Later On

A blog written for those whose interests more or less match mine.

Governments have a dangerous attitude toward drugs

leave a comment »

David Nutt was chairman of the UK government’s Advisory Council on the Misuse of Drugs until he was dismissed last week by the UK home secretary. Nutt writes in New Scientist about why the government’s attitude toward drugs is dangerous:

If there is one thing that politicians can and should do to limit the damage caused by illegal drugs, it is to take careful note of the evidence and develop a rational drug policy. Some politicians find it easier to ignore the evidence, and pander to public prejudice instead.

I can trace the beginning of the end of my role as chairman of the UK’s official advisory body on drugs to the moment I quoted a New Scientist editorial (14 February, p 5). Entitled, fittingly enough, "Drugs drive politicians out of their minds", the editorial asked the reader to imagine being seated at a table with two bowls, one containing peanuts, the other the illegal drug MDMA (ecstasy). Which is safer to give to a stranger? Why, the ecstasy of course.

I quoted these words in the Eve Saville lecture at King’s College London in July. This example plus other comments I have made – such as horse riding is more harmful than ecstasy – prompted Alan Johnson, the home secretary, to say that I had crossed the line from science to policy. This, he said, is why I had to go.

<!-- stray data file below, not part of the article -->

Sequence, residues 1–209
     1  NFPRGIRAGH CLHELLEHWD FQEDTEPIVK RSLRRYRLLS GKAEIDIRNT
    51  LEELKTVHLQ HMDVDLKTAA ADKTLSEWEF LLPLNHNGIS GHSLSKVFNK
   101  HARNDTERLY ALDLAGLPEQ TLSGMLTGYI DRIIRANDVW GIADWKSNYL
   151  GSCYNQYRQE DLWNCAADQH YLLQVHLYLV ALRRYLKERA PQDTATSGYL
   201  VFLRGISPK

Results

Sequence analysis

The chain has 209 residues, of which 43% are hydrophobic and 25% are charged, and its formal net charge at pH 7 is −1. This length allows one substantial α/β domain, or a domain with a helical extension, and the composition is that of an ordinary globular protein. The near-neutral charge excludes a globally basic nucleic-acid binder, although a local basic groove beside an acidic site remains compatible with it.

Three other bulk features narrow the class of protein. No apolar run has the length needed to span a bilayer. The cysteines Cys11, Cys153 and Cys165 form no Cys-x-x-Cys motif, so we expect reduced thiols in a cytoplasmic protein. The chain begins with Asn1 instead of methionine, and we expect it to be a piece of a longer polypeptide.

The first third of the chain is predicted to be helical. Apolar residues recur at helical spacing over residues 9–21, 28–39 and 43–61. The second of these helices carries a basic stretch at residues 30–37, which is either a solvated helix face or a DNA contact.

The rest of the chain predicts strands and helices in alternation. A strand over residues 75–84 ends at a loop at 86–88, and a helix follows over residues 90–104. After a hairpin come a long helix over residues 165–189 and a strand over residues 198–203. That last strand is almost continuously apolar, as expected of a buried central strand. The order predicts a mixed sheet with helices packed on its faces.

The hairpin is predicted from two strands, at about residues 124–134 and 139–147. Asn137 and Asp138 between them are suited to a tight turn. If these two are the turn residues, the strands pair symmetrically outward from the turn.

But simple, accurate and understandable statements of scientific fact are precisely what the advisory council is supposed to provide. Why would any scientist take up some future offer of a government advisory post when their advice can be treated with such disdain?

As well as ignoring its own advisers, the UK is falling out of step with international trends. When Portugal softened its drugs laws in 2001, drug use remained roughly constant, but ill health and deaths from drug taking fell. Decriminalisation quietly crept up the agenda in Vienna this year at a meeting of the UN Commission on Narcotic Drugs, where governments heard new, independent evidence on how the harms of criminalisation were outweighing the benefits. In August, President Felipe Calderón of Mexico approved a law decriminalising possession of small amounts of marijuana and other drugs. And just last month, Eric Holder, the US attorney general, instructed federal prosecutors to stop hounding medical users of marijuana in the 14 states where such use is legal…

Continue reading.

Written by LeisureGuy

8 November 2009 at 11:18 am

Leave a Reply

Fill in your details below or click an icon to log in:

WordPress.com Logo

You are commenting using your WordPress.com account. Log Out /  Change )

Google photo

You are commenting using your Google account. Log Out /  Change )

Twitter picture

You are commenting using your Twitter account. Log Out /  Change )

Facebook photo

You are commenting using your Facebook account. Log Out /  Change )

Connecting to %s

This site uses Akismet to reduce spam. Learn how your comment data is processed.